The aforementioned American Heart Association diet and a massive campaign aimed at reducing fat in the American diet began in the 1960s with a report issued in 1961 urging a low-fat diet for those at risk for cardiovascular disease,7 followed up in the early 1980s by the U.S. government recommending the same low-fat diet for everybody, although the American Heart Association didn’t endorse that recommendation.8 With the introduction of nutrition labeling in 1990, the public started paying attention to product ingredients and demanding low fat, nonfat, lite alternatives to higher-fat options.

Attempting to satisfy consumers, the food industry was faced with a dilemma: When the fat was removed from products, the food tasted terrible, like cardboard. The public wasn’t buying it. Literally. Something had to be added to take the place of the lost fat. And that something was, you guessed it, sugar. Most recently, high-fructose corn syrup, a substance we were never exposed to before 1975,9 and a cheaper alternative to other types of sugar, thanks to farm subsidies. The average intake of sugar in the U.S. is estimated to have risen from 120 pounds per year per person in 1970 to 150 pounds per year per person by 1995.10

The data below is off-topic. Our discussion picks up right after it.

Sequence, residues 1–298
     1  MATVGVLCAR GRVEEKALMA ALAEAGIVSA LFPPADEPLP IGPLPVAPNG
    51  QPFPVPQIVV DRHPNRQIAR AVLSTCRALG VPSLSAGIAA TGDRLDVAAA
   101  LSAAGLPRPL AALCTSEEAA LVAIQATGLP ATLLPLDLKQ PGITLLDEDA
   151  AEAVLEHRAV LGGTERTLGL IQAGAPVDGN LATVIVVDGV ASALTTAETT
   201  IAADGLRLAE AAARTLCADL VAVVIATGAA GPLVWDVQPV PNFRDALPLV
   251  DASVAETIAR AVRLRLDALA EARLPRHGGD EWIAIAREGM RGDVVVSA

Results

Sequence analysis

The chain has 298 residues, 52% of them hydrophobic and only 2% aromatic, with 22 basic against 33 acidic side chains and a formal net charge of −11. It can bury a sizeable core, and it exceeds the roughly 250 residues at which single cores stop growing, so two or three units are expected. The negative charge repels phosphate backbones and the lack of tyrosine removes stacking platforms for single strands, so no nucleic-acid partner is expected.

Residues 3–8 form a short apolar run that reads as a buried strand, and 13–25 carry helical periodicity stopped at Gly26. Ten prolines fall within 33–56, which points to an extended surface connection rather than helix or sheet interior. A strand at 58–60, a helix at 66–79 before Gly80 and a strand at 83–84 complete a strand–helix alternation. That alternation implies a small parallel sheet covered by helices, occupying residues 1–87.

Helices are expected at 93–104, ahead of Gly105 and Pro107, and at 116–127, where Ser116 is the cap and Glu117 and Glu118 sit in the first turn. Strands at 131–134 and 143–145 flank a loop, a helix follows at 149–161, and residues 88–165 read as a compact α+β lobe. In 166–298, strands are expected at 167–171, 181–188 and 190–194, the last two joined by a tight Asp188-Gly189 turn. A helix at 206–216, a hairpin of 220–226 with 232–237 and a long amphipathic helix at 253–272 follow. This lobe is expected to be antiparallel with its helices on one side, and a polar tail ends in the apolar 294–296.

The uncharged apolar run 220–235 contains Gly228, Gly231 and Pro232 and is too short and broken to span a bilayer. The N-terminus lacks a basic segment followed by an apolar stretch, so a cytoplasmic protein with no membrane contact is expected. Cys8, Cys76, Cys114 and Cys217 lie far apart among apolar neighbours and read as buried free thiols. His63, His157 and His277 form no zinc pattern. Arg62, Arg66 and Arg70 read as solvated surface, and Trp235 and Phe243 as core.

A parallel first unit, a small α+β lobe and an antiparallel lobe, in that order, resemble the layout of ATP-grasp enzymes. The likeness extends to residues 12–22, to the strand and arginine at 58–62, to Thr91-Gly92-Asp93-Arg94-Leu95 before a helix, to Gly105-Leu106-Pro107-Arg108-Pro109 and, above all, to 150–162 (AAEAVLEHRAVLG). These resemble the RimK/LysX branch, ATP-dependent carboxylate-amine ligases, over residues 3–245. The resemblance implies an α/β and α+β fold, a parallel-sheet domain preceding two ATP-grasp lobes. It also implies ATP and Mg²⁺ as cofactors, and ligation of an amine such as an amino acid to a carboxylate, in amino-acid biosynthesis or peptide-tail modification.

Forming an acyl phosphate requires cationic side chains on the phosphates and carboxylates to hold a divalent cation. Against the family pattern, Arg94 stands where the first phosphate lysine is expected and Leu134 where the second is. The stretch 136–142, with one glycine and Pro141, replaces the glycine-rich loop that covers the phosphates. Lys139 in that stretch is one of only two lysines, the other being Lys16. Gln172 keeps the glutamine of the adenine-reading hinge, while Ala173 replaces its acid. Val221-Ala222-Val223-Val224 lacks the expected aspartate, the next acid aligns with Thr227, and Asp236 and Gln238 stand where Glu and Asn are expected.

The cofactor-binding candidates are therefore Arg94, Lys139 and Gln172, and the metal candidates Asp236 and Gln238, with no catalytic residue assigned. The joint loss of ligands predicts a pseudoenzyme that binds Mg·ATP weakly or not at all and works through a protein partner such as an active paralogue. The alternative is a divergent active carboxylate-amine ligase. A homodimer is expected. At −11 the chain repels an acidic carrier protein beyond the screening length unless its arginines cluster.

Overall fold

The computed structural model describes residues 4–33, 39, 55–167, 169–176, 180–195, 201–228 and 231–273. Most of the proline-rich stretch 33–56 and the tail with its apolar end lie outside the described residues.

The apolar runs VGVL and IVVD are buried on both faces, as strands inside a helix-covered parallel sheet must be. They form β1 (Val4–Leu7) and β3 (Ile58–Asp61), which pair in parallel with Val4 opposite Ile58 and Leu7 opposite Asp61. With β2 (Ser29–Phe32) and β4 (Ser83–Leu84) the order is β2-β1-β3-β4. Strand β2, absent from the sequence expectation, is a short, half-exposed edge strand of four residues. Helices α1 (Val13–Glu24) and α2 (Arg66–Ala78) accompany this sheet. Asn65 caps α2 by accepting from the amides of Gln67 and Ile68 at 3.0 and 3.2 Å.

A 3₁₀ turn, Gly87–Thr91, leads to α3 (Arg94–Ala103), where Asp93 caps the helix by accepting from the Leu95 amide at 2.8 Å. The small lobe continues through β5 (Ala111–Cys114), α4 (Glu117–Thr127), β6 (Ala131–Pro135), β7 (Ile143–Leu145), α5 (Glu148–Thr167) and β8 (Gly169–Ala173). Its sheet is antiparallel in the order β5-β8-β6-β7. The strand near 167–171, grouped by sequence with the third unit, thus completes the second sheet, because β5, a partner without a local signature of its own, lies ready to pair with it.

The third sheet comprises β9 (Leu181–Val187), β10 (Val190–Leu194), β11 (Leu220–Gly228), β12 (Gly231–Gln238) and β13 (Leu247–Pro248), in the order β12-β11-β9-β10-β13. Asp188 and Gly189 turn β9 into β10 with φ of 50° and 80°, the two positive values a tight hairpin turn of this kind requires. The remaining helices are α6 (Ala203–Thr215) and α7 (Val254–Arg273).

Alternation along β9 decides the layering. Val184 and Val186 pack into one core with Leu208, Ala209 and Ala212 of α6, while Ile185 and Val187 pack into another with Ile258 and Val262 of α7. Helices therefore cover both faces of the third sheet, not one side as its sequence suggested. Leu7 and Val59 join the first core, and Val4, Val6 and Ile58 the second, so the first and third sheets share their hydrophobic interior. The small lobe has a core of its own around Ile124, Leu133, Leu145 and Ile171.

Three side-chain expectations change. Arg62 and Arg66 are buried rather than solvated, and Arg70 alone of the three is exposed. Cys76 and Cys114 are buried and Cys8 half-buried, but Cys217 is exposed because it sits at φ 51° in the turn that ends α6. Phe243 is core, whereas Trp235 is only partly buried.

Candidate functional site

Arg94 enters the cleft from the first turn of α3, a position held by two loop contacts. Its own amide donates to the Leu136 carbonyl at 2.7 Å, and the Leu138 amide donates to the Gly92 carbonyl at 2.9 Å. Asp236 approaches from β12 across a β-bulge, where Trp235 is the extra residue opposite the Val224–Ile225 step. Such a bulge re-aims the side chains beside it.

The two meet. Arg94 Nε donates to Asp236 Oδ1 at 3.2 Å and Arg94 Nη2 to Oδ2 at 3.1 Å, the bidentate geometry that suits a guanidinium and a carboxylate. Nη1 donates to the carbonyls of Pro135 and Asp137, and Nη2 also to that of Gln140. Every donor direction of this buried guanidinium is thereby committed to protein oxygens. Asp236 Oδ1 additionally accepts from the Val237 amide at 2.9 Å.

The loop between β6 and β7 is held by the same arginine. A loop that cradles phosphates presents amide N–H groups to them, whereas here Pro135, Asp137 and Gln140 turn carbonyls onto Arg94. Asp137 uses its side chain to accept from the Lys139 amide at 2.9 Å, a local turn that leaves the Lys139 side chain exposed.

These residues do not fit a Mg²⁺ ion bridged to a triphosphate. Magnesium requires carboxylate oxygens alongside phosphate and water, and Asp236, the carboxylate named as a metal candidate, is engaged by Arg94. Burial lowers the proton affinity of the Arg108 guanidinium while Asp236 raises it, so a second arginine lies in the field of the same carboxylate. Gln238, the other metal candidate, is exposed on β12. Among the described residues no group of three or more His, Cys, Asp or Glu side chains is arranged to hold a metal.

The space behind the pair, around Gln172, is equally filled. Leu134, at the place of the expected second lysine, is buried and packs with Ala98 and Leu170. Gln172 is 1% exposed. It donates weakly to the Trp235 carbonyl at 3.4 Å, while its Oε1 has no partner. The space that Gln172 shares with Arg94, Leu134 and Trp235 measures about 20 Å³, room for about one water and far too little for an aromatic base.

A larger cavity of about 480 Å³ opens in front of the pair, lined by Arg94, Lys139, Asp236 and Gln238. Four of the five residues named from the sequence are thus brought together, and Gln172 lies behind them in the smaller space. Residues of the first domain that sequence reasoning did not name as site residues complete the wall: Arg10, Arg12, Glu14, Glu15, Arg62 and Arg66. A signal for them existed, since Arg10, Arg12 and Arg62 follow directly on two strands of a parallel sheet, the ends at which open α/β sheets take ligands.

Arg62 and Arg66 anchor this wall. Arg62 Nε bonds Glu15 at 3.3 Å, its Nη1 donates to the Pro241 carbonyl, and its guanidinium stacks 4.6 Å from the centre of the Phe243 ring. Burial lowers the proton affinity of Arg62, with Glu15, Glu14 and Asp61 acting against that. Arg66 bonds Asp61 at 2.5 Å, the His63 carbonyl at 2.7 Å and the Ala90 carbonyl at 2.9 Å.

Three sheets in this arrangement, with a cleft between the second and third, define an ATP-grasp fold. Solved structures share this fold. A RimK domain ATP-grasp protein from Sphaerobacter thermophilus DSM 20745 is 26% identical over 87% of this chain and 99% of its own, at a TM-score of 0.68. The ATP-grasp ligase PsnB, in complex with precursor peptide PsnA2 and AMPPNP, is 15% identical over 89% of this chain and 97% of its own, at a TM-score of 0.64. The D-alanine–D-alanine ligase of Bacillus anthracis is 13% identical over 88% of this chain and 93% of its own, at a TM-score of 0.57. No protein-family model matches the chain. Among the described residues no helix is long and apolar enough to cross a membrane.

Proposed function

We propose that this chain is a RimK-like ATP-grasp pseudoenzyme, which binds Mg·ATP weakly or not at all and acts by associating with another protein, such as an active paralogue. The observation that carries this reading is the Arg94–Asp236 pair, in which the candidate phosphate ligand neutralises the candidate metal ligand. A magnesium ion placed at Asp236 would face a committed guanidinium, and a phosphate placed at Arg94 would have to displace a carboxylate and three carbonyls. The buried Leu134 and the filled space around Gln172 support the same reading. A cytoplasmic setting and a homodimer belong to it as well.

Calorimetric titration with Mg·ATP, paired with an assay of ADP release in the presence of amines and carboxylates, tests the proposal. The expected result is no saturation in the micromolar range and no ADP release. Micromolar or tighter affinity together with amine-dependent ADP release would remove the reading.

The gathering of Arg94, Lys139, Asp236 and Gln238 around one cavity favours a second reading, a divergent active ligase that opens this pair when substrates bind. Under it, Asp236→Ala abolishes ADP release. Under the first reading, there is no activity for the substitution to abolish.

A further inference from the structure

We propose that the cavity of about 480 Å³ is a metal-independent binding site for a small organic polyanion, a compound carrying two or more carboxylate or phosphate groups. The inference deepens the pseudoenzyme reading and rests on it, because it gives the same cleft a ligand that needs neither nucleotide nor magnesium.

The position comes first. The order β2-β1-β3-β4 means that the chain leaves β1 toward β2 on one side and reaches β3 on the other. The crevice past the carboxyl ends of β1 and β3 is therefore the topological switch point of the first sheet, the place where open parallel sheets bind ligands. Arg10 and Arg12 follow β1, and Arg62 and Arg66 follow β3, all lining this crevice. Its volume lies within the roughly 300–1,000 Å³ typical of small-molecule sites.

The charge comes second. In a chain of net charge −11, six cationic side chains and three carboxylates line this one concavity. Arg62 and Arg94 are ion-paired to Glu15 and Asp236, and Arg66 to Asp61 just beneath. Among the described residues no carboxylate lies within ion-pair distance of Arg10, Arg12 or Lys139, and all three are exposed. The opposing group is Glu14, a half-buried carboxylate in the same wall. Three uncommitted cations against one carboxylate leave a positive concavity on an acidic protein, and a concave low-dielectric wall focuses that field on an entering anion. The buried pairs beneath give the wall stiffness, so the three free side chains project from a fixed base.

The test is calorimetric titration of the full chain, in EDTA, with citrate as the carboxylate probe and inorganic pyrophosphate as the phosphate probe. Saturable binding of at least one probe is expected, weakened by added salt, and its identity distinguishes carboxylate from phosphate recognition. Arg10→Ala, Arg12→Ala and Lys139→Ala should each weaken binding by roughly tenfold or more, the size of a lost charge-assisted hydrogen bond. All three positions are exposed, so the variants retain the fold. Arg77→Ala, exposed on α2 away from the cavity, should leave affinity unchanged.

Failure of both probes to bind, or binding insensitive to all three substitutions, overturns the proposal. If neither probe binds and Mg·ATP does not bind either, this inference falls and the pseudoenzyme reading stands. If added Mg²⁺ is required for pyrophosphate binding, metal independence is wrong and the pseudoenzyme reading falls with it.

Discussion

A Sugar by Any Other Name

Sugar is not a specific descriptor, though it is generally taken to refer to sucrose, the white stuff in a sugar bowl. There are many kinds of sugar and once we understand that any ingredient name that ends with the suffix “ose” is a sugar, it’s easy to see that the stuff is everywhere, whether it is listed as glucose or sucrose or dextrose or maltose or fructose. In addition to obvious food products like soda, juice and fruit drinks, it’s also in ketchup and bread, luncheon meats and soups, crackers, breads, spice blends and (this one opens up its own can of worms) infant formula, which is said to contain the sugar equivalent of a can of cola.11

That’s not to say all sugar is all bad. The human body—in fact, every living cell on the planet— is designed to run on glucose, also known as dextrose. It is what we convert our food into, primarily from carbohydrates but also from fat protein. It is so essential that if food is scarce, our bodies manufacture it from our own storages.12 When we take in glucose, almost all of it goes directly to our organs and provides our energy for living. Whatever we don’t need or use right away (about 20%) goes to the liver, where it is converted to glycogen for storage. This is a normal process and there’s no cap on how much glycogen can be safely handled this way.13

Table sugar, or sucrose (cane or beet sugar), on the other hand, is about 50/50 glucose/fructose. It is metabolized differently from naturally occurring glucose, because of the fructose in there, and differently from fructose because of the glucose component. High fructose corn syrup (HFCS) has closer to 55% fructose over glucose. The fructose element in any of these sugars is poison, and it is what led the American Liver Foundation to suggest that, “sugar may just be the new alcohol.”14

Fructose Metabolizes Like Alcohol

Fructose, which is much sweeter than glucose, can only be metabolized in the liver, and acts on that organ in much the same way as other toxins do.